Satellite systems with the ability to measure temperatures of crop fields are currently under development. The intention behind the project is to display how much water is used by plants by measuring temperature and to identify the pathways for the water to be transferred back into the atmosphere.
This will also aid in understanding crop reactions to drought conditions and the availability of water for farming purposes. Copernicus, which is the EU’s space-based observation program, may include the system in its technology. The Union’s satellite system, called the Sentinels, would receive the system.
Prof. Wooster from London is working with his team to identify pathways for the ESA & EU’s joint space venture’s next phase.BBC News was informed that enhancing crop production and improving agricultural practices was the primary goal.
He stated that a thorough examination of the planet and the atmosphere was vital for the benefit of the people. Satellite remote sensing abilities would hold the key towards tracking short-term & long-term changes and providing a global, consistent view.
Wooster’s research is an integral part of LSTM mission, which is a new satellite concept currently under development. The new system would identify temperatures of fields with an area of 40 kilometers across. This is more than 10 times the current capability. Land temperature measurements would have more impact on agriculture from now.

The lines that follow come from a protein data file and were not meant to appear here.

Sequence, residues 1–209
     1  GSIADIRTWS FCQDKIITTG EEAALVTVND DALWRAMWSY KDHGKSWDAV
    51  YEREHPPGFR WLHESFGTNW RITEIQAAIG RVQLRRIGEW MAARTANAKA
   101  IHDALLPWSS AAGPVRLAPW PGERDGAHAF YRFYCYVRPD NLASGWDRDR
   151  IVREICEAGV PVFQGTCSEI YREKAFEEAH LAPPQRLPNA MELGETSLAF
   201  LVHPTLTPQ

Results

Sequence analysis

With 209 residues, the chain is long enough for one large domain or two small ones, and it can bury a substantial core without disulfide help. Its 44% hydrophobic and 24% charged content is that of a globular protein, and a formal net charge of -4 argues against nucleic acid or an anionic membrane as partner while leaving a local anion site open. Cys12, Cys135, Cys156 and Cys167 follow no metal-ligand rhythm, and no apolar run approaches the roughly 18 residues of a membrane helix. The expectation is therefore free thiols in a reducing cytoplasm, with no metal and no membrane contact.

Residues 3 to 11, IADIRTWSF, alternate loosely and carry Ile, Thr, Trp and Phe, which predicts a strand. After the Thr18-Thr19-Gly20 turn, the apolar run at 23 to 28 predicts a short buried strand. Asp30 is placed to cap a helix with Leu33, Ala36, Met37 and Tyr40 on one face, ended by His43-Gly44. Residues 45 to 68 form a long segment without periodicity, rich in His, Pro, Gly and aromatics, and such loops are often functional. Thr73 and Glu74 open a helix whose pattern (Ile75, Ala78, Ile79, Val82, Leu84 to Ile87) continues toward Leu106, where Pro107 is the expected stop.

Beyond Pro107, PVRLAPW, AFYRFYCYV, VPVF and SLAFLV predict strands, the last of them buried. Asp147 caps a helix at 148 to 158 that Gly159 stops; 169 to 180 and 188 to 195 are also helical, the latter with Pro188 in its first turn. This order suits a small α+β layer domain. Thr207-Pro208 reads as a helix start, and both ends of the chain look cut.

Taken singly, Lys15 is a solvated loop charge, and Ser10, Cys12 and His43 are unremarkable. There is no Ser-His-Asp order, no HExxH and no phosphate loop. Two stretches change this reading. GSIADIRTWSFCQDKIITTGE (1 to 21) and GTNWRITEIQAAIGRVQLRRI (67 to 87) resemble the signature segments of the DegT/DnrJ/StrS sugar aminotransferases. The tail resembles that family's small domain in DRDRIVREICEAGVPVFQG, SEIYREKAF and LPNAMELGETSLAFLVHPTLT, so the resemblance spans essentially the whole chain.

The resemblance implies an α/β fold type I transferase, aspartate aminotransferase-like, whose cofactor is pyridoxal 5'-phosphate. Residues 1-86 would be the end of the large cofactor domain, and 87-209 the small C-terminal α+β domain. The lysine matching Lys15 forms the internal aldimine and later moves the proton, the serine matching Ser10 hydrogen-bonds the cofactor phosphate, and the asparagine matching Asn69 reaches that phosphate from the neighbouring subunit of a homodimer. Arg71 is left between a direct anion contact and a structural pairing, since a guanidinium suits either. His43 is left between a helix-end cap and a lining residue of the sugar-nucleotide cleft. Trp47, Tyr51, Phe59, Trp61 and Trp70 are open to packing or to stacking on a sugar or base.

It could also allow researchers to understand water requirements real-time with an irrigation schedule. It would also be of significant aid for prediction of drought conditions by computer models. Wooster intends to collect heat maps across London and other agricultural locations situated in Germany, UK, and Italy. The HyTES would be used by him for this purpose. It is a highly sensitive thermal imager with airborne capabilities. It will fly in an aircraft.
These would be used to establish standards. The conditions of three locations would be analyzed and mapped for drought responses and ground conditions. This will allow calibration of LSTM’s imaging mechanism.
LSTM is expected to become a full-fledged spacecraft by next decade, Although the United Kingdom has top Earth observation engineers and scientists, Britain’s continued involvement is suspect due to Brexit. Terms are still under negotiation, although Britain has shown interest.
Prof Wooster stated that Britain’s involvement was vital for the program’s success.
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